If educators expect more children to be successful in literacy experiences at school, then they must strive to form lasting partnerships with parents (Fried, 2001). The educators working with the after-school and summer literacy program actively sought to form partnerships with family members at a small rural elementary school in a southern state. By collaborating with mothers and relatives of children at this low-income, African-American school we learned about the commitment and caring of families. Family members participating in the program explained they began to spend more time on literacy activities at home and were excited about reading with their children. These family members became better at (a) asking open-ended response questions, (b) encouraging children to tell what they think, and (c) reading with expression.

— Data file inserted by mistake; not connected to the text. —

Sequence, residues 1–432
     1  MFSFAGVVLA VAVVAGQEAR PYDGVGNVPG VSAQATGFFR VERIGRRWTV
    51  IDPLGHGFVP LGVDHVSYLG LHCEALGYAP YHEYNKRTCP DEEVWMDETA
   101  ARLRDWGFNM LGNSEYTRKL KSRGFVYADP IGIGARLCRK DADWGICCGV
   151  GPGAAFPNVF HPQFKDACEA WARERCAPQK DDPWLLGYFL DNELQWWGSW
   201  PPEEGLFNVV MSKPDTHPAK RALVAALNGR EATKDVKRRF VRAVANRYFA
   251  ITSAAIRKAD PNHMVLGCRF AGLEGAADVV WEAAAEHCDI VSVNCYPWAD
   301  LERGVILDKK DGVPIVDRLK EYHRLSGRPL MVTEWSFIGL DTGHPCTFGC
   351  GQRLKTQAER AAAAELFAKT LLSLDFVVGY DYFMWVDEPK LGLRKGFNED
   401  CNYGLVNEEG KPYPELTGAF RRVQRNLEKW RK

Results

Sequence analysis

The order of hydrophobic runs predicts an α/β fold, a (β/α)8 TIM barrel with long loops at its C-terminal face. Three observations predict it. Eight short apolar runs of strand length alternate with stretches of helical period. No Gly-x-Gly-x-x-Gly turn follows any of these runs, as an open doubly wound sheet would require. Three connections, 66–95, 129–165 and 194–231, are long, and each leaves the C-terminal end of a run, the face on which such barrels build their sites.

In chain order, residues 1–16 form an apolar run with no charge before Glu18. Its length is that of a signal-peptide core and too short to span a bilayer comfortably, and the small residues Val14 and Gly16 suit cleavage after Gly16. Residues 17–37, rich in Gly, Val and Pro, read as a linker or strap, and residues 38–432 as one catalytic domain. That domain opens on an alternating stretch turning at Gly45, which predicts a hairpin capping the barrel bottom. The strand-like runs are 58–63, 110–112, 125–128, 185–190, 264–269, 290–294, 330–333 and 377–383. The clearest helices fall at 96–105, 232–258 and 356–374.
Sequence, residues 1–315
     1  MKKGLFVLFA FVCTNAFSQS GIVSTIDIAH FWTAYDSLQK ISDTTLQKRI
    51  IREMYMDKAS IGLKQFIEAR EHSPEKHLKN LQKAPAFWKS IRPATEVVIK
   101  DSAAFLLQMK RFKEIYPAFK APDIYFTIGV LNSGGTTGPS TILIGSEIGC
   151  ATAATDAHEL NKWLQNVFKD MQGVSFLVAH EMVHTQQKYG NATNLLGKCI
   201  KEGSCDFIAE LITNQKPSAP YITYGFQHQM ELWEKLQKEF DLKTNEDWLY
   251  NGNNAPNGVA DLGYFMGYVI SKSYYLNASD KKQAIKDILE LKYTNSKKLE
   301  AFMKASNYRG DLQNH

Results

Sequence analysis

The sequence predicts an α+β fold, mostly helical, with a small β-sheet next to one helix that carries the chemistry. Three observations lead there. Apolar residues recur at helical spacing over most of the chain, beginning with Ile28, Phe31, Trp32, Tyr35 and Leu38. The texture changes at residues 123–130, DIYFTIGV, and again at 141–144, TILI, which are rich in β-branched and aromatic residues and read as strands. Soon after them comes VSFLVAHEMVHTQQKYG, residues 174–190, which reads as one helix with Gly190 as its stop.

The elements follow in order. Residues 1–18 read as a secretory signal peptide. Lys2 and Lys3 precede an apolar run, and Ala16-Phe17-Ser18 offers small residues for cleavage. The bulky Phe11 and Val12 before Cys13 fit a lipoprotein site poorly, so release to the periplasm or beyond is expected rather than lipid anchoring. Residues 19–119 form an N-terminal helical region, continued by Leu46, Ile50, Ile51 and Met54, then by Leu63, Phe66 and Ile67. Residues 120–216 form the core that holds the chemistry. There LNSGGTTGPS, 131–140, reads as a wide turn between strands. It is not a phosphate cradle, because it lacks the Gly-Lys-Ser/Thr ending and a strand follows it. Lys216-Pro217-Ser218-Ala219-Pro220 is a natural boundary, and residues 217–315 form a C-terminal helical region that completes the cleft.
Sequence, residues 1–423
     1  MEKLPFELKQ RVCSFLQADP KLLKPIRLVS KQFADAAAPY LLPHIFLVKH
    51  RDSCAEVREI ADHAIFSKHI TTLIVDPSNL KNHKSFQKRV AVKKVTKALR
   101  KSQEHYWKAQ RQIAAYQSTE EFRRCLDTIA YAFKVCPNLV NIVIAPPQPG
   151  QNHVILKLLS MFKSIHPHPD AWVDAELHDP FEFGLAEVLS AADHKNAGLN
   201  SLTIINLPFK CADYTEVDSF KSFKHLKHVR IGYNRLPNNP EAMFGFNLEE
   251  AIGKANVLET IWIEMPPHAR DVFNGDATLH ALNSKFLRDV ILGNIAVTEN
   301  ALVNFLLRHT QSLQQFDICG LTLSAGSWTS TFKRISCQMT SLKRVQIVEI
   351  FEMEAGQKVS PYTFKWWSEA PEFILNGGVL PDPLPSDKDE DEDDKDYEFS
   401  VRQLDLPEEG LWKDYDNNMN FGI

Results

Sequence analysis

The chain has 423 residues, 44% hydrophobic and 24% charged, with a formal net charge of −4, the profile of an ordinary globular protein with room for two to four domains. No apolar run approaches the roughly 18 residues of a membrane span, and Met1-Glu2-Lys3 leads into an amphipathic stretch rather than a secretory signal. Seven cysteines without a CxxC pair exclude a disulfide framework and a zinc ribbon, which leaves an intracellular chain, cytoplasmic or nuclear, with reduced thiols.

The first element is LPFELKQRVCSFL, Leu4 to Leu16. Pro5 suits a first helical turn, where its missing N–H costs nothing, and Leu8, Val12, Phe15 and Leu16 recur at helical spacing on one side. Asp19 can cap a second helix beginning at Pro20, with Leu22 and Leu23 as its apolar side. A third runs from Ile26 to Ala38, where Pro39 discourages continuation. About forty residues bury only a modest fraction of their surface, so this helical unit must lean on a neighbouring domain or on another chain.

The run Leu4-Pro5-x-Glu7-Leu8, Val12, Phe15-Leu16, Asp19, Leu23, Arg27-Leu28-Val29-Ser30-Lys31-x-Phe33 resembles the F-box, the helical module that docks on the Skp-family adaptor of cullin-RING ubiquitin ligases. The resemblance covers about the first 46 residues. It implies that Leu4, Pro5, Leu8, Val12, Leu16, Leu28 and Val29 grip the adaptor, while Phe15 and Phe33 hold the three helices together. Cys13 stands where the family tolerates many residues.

Jayroe, T. B., & Brenner, D. (2005). Family Members as Partners in an After-School and Summer Literacy Program. Reading Horizons, 45 (4). Retrieved from http://scholarworks.wmich.edu/reading_horizons/vol45/iss4/1